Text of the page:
Colon Cancer Testing Leveling Off In U.S.
According to the Center for Disease Control, “Colorectal cancer (CRC) is the second leading cancer killer of men and women in the US, following lung cancer.” Why then are more people not having the necessary screenings? The study shows that one in three adults in the 50 and 75-year-old age group have not been getting their recommended screenings.
It seems it is not from a lack of money, because studies show that 2 of every 3 adults, who have not been tested for CRC, have health insurance that could pay for the test.
There was hope that more people were getting tested each year seeing as though the numbers rose from 54 percent in 2002 to 65 percent between in 2010. However, judging by last year’s numbers, they are no longer increasing, but leveling off.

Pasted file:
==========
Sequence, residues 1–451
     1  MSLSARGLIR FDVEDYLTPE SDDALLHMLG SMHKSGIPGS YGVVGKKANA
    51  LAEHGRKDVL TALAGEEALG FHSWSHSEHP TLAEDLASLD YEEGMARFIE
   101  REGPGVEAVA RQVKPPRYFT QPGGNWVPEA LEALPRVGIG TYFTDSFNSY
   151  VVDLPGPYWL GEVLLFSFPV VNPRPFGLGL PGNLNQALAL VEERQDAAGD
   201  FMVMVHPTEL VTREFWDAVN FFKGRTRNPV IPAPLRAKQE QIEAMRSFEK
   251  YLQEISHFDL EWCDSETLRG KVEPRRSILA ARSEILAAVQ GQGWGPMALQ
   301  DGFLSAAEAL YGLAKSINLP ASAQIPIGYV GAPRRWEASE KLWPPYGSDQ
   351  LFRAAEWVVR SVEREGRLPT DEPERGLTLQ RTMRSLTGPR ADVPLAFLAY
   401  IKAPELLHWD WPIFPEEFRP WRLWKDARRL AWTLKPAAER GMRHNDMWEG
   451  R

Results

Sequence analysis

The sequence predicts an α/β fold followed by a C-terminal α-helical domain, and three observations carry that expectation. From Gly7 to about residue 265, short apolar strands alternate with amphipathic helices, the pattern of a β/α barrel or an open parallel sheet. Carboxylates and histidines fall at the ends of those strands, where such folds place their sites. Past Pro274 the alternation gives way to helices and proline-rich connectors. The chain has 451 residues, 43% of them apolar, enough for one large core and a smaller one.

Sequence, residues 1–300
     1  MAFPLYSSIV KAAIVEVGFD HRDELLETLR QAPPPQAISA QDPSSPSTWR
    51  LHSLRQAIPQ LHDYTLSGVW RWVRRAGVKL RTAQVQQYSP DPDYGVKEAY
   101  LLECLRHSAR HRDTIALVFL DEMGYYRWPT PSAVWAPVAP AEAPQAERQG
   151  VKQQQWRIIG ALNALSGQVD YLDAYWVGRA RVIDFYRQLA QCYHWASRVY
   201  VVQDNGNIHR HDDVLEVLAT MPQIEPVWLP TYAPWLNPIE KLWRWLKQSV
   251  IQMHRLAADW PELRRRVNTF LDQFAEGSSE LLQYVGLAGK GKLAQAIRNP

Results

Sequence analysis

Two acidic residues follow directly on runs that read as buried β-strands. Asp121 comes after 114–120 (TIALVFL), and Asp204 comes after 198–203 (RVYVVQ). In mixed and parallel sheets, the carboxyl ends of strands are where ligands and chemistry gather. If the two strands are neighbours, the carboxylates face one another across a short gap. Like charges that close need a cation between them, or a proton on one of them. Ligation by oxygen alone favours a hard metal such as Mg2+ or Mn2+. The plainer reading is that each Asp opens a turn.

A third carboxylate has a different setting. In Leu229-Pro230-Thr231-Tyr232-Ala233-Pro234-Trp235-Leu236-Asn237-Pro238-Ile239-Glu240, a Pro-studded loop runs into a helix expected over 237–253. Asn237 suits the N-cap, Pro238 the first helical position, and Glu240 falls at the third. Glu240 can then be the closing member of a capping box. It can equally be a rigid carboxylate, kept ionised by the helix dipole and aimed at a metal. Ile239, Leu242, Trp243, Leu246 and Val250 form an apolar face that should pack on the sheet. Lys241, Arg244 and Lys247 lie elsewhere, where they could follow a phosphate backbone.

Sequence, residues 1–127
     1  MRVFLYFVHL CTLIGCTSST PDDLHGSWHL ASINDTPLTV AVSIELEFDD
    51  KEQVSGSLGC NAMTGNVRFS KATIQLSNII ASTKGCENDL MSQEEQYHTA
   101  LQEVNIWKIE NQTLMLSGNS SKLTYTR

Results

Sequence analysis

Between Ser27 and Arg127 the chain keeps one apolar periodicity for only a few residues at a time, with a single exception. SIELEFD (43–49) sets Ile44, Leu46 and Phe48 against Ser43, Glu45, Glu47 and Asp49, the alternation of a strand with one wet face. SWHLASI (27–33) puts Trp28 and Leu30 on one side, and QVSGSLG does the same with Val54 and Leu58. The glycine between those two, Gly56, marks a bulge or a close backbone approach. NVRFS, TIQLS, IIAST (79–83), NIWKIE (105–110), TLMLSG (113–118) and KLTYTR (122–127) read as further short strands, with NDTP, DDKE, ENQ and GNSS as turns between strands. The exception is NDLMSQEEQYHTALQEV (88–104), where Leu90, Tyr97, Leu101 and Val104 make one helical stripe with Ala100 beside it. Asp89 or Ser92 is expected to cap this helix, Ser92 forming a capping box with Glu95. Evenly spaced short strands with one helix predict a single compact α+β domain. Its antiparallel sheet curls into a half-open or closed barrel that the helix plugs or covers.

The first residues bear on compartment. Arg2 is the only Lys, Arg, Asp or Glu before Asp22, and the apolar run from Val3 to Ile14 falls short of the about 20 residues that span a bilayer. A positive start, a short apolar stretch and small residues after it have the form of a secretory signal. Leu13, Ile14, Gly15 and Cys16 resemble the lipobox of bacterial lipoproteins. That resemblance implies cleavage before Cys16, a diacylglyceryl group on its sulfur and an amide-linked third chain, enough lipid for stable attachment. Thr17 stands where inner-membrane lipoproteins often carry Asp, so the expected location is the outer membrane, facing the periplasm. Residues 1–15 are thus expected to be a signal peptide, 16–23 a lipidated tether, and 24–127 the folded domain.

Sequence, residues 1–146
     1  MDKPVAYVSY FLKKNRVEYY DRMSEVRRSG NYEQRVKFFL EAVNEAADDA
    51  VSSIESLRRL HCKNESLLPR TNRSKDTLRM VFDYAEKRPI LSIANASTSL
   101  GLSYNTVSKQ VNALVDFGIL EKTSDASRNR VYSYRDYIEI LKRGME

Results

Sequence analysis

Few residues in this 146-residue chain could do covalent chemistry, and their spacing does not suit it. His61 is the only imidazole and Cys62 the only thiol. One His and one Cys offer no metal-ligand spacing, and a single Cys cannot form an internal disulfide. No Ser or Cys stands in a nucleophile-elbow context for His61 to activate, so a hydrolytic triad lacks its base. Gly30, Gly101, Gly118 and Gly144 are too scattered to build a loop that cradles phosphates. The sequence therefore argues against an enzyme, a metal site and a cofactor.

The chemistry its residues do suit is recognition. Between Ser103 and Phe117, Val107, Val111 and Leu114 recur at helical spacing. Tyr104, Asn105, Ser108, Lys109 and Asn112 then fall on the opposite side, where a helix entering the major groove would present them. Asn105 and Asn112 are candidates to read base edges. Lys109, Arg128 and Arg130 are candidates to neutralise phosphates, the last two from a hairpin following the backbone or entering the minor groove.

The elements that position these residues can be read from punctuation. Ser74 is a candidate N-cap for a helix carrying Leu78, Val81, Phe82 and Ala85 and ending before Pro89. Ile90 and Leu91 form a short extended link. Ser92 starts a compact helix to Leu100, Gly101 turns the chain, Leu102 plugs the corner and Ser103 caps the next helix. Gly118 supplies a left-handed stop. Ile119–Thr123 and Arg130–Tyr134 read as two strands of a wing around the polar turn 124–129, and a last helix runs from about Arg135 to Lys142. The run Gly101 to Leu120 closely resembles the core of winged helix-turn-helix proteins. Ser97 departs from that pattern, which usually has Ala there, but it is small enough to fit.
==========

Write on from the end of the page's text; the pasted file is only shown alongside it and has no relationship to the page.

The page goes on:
According to the National Cancer Institute, colon cancer is defined as “cancer that forms in the tissues of the colon (the longest part of the large intestine). Most colon cancers are adenocarcinomas (cancers that begin in cells that make and release mucus and other fluids).” In 2013, there were 102,480 new cases of colon cancer.
CDC director Dr. Tom Frieden says the decrease in testing is “very disturbing”. Many fear the most common test, the colonoscopy. However, Frieden says there are other, less invasive, tests that can be done at home, and they are equally as effective as the colonoscopy. “Colonoscopy is clearly preferred for high-risk people,” said Frieden. “But for others, there’s not a huge difference. The bottom line is the best test is the test that gets done.”
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